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Right answer. Wrong answer.
9 November 2000
You are in a pub. There are three questions, with accompanying answers, below. Please, which are Right, and which are Wrong? Answers please on the back of a self-addressed postcard (stamp required), or send an email.
If you had to have sex with all of the Corrs (including the bloke), in which order would you do them?
I apologise in advance for the clear egocentrism inherent in the question. As a practising heterosexual member of the "grosser and browner sex", I have selected an example that has the most meaning to me. If you wish to suggest a better and less exclusive example, please feel free to do so (see postcard and email instruction above).
The answer to this depends on a few things, but basically, you stick the bloke in the middle (i.e. either second or third). It's like having a roast dinner. You don't have either the best bit or the worst bit right at the beginning or right at the end. You leave the extremes to the middle, where they can be either countered by, or enjoyed directly relative to, each other or the remaining plateful of potatoes (and others such examples of mediocrity).
Or then again, if you're like me, you never have one forkful of just one thing. Which I guess means taking one of the Corrs from behind while having the bloke Corr rub oil onto my nipples, or something. And a nice use of the phrase "meat and two veg".
Wouldn't it be great if all your possessions were attached to very long pieces of string, so that if you forgot to take one somewhere (i.e. keys, wallet, mobile phone), you could just pull on the piece of string, and you would have it?
And this would be even better if you are constantly losing things. It would just be a matter of remembering which piece of string it was attached to. This may become difficult, given that most people have quite a few possessions, and it would be a pain if, thinking you were retrieving your keys to unlock your bike, you actually drag your stereo out to the garage through lots of puddles.
In order to avoid this, you would need to label or colour-code each string depending on what type of item it is (although with the latter option, you would still need a chart showing which colour means what. And then what happens if you accidentally leave your chart on the sofa - it would have to be attached to a piece of string, presumably coloured luminous yellow or something. But that might clash with your socks or something. So, labels it is then).
And it probably wouldn't work if one of your possessions was an anchor. It would get stuck, and the string might break.
Don't get me wrong, I love the Queen and I think she's great. But is there a way that we can retain the monarchy, but ensure that it uses resources both more efficiently and effectively?
Clearly, the Queen provides an essential public service, and is equally obviously a natural regional monopoly. So, why don't we set up regulation for the Queen along the lines of all the other utilities (i.e. water, electricity, gas, etc.) in the UK. Two issues must be considered: efficiency incentives, and the removal of barriers to entry.
Efficiency is where the maximum output is created from the minimum input. What is the output of the monarchy? It is the pomp and ceremony, the visibility of the individuals, the grandeur of the buildings and institutions. First, a level of performance must be set, based in part on historic demand for the Royal product, and in part by a comparison of the costs faced by celebrities from more competitive markets (i.e. Britney, Westlife, Wogan, Beckham etc). In this way, a benchmark for service performance can be set. How are incentives retained, I hear you cry. I'm just getting to that.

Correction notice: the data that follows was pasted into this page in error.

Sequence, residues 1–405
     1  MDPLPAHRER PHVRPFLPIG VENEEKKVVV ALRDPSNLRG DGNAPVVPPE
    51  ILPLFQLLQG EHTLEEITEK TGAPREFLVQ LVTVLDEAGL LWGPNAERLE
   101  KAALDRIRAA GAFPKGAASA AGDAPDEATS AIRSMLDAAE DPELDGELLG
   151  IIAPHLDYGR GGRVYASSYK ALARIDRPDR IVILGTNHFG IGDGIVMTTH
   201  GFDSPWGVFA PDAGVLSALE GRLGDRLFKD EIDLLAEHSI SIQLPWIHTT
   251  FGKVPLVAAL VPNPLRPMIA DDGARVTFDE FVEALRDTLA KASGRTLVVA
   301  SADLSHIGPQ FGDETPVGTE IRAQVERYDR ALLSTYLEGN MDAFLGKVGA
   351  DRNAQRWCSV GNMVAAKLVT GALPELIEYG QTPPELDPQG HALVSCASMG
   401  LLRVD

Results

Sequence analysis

It is difficult to conceive of how you can, without contradiction, remove barriers to becoming the monarch. First, the law prohibiting the monarch to be married to a Catholic must be repealed. This has already happened in Scotland. But this does not go far enough. There must be more competition between siblings to attain the throne. This is what I propose (and please bear with me):
First, convert Buckingham Palace and Windsor Castle into two huge Big Brother sets, every area under constant surveillance. Then ensure that any crime perpetrated inside either of the areas can not be prosecuted through the normal courts system. All of the members of the Royal Household must then live for the majority of their lives (until becoming the monarch or quitting the House, but with breaks outside for minor Royal functions, and opportunities to find wives/husbands etc) inside the two sets. Then we allow them to plot, conspire against, even murder those higher up the succession list in order to attain the throne. That ensures there is strong competition for the throne, while retaining the tradition of right of passage of the eldest male child.
Not only does the Big Brother scenario encourage competition among the family members, but this is how the Queen's efficiency incentives are retained. Clearly, the situation and behaviour of her family in the Big Brother sets determines the success of and public opinion towards the monarchy. Therefore, the Royal Regulator (or OFQUEEN), can alter the situation in the Royal Household according to how the Queen's performance compares with the targets she was set.
Trust me. I'm an economist.
And remember, answers please. Which are Right, which are Wrong (with reasons). The next round's yours, mate.